K&R 2, sec 2.4 says: If the variable in question is not automatic, the
initialization is done once only, conceptually before the program
starts executing, ... .

"Non-automatic variables are initialized before the program starts
executing." -- What does this mean?

It means that the programmer can presume that s/he does not have to
write explicit program logic to initialize non-automatic variables
What is the name of the stage in which the mentioned initialization is
performed? Compile-time or run-time?

Yes. No. Either or, or both.

For the purposes of K&R, (and likely of the C standard as well), it
doesn't matter how the compiler's architect chose to implement such
initialization. It only matters that such initialization takes place.

The architect could arrange for the initialization of non-automatic
variables to occur as part of a start-up code that executes
(conceptually) before main() is invoked.

Or, the architect could arrange for the compile and link process to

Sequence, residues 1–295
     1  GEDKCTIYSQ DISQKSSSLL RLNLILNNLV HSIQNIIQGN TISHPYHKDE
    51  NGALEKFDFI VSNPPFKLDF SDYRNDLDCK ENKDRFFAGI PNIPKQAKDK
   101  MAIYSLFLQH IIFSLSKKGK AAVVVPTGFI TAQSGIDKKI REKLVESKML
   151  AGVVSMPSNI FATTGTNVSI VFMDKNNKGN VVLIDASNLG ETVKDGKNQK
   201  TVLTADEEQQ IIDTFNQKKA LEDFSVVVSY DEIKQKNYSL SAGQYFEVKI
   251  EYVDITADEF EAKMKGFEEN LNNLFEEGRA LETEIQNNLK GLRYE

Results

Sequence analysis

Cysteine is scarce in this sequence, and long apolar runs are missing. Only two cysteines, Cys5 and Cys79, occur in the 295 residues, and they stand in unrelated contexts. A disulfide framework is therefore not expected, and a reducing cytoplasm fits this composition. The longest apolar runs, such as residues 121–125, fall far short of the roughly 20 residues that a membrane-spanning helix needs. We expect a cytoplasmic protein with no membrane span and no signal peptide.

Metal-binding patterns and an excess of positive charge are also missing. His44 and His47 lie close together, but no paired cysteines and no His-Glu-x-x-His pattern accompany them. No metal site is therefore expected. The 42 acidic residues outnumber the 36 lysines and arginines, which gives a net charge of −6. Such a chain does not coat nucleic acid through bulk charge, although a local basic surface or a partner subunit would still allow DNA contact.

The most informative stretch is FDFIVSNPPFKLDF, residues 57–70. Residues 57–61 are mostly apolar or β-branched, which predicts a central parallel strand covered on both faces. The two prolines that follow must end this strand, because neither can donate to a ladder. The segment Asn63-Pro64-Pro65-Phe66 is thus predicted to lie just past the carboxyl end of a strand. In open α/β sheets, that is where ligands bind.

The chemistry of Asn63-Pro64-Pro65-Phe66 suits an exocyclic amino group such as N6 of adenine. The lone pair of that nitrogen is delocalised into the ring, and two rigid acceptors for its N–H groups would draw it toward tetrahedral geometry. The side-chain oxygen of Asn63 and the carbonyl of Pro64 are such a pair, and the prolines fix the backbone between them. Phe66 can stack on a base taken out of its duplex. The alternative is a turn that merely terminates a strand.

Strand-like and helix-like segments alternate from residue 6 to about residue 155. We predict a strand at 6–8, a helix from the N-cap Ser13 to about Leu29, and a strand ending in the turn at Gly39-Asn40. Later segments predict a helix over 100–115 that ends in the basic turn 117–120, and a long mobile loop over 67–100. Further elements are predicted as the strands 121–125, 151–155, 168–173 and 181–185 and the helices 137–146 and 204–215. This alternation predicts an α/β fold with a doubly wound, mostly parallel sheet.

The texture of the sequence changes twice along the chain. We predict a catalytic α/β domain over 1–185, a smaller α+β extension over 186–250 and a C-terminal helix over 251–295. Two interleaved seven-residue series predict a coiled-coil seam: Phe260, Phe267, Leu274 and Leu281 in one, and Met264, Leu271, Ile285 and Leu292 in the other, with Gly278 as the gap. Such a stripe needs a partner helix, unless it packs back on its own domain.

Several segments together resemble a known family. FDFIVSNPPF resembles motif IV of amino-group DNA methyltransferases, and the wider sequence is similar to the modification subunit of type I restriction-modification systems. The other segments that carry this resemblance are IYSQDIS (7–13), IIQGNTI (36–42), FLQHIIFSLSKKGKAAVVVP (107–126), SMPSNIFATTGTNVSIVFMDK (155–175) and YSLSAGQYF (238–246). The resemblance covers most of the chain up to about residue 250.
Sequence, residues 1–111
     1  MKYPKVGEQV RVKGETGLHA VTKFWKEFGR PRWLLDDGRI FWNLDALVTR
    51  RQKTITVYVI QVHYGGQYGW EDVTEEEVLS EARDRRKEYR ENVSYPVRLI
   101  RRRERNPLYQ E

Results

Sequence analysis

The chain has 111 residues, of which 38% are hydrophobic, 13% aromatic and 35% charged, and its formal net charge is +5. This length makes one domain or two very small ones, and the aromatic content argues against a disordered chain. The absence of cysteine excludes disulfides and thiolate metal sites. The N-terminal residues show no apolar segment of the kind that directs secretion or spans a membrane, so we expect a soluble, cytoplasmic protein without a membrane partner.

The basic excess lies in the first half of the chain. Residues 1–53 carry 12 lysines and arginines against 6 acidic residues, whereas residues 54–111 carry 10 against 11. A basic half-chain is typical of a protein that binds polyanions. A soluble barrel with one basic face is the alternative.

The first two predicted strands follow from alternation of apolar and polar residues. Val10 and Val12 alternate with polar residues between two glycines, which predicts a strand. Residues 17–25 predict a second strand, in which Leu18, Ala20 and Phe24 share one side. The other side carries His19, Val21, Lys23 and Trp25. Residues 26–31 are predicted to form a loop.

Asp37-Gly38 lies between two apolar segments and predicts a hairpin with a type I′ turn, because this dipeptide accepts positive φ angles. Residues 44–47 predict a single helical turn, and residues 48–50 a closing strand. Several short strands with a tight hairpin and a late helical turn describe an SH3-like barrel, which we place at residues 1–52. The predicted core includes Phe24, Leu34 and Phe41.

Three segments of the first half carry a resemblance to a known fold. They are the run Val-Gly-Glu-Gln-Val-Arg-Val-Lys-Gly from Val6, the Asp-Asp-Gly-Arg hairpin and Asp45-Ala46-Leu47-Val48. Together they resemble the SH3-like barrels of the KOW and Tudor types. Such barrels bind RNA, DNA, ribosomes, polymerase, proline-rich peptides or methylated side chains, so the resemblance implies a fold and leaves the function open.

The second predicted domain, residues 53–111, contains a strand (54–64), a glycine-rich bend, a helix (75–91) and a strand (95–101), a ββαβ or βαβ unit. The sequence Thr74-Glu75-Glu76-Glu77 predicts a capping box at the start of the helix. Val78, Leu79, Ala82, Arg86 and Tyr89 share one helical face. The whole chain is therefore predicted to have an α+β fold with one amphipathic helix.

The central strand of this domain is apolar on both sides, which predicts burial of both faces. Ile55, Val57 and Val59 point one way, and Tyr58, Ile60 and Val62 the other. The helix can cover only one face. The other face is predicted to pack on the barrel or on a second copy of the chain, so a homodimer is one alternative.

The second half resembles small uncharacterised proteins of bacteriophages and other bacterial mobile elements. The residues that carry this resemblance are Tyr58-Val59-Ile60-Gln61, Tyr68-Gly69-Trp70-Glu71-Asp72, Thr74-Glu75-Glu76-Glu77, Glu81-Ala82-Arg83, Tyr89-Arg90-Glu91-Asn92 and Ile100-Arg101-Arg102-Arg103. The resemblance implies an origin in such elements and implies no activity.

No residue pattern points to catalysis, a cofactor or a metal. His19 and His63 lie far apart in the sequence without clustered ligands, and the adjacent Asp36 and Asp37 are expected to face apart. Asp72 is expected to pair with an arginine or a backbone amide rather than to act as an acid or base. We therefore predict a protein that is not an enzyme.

write out a loadable "image" of the memory assigned to non-automatic
variables, complete with all the blanks filled in, so that when the
system loads the program, the initialization has already occurred.

Or, the architect could arrange for a combination of the two, or even
some other mechanism to occur. In any case, from the programmers point
of view, such initialization takes place outside of and before his
logic, and is transparent to him.
Thank you. Your explanation is helpful to me.
In the following snippet, variables b and c are defined at line 7 & 8
but the initialization or assignment to them is not performed.

For one thing, they are not "non-automatic variables".